Human rights are the rights you have simply because you are human. The Anna Lindh Lecture introduced the students of Lund University to Margaret Sekaggya. The lecture was titled ‘Providing a safe and enabling environment for Human Rights Defenders: Critical factors to Consider’.
On the eve of the 66th United Nations Day many students, for the first time, experienced the University House. Columns of the Tuscan-Doric order stood as if protecting us, the domes resembled a heavenly blue holding the 16 light chandeliers, students’ attire was most elegant, some even climbed a flight of stairs for a better view and before us the stage was set with the flags of Sweden and Uganda hoisted by each other. The lecturer was Mrs. Margaret Sekaggya, a Ugandan lawyer and founder of the Human Rights Centre Uganda. Until recently she was the United Nations Special Rapporteur on the Situation of Human Rights Defenders.
A human rights defender is one who individually or with others protect human rights in a peaceful manner. Mrs. Sekaggya explains, ‘it is important to note that the primary duty and responsibility to promote and protect human rights and fundamental freedoms including the rights of human rights defenders lies with the State’. In her speech, Mrs. Sekaggya identified ways through which human rights defenders could carry out their responsibilities effectively.
As defined by Mrs. Sekaggya a human rights defender can be protected in several ways. A few methods explained by her include ‘fight against impunity (exemption from punishment) and access to justice for violations against defenders, strong, independent and effective National Human Rights Institutions’ and the role of Non-State actors’ in respecting and supporting the work of defenders.
She recollects the life of a defender being vulnerable as they are ‘defending rights and speaking up against violations and abuses’. Her words can only draw images in our minds listening to the difficulties Mrs. Sekaggya might have gone through as a human rights defender.
She says, ‘defenders and their families are often intimidated, harassed, subject to surveillance, threatened, attacked, arbitrarily arrested, criminalized, tortured and ill-treated in detention, subject to enforced disappearances, and sometimes killed’.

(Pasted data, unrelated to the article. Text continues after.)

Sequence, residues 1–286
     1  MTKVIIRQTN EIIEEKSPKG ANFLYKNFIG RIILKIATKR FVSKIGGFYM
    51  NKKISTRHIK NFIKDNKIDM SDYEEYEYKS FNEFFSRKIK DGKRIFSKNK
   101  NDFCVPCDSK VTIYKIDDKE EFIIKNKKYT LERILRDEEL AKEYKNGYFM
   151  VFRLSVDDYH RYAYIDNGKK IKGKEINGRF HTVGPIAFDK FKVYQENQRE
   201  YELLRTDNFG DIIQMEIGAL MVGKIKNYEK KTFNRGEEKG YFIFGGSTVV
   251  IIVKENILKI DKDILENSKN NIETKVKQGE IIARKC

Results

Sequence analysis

Mrs. Sekaggya made important recommendations. She calls upon States to ‘widely disseminate the Declaration on Human Rights Defenders’. International community should ‘support the legitimate work of human rights defenders’ while ensuring ‘safe and open access to human rights bodies’.
Non-state actors should ‘familiarise themselves with the Guiding Principles on Business and Human Rights’ and human rights defenders should ‘participate in constructive dialogue with the State’ in order to ensure a safe and enabling environment for defenders. The recommendations served as a reminder to stakeholders working towards the betterment of human rights and human rights defenders.
The evening concluded just the way it began with instrumentals being played by the Akademiska kapellet or Academic Orchestra, although, there was still a sense of incompleteness. Mrs. Sekaggya should have shared some of her personal experiences and not just that of defenders in general. These stories could have been nail biting, given a chill, heart thumping, saddening or even hilarious.
It would have provided for a wholesome lecture. The coordinating organisers of the lecture alongside Lund University, the Raoul Wallenberg Institute of Human Rights and Humanitarian Law, the Anna Lindhs Minnesfond (Anna Lindhs Memorial Fund) and the Utrikespolitiska Föreningen (Association of Foreign Affairs), worked successfully in adding new knowledge to all present.
Natural Rights in the 18th century converted to Human Rights. There was a great struggle which eventually led to the formation of the Universal Declaration on Human Rights in December, 1948. Today, all of us must work to promote the universality of Human Rights.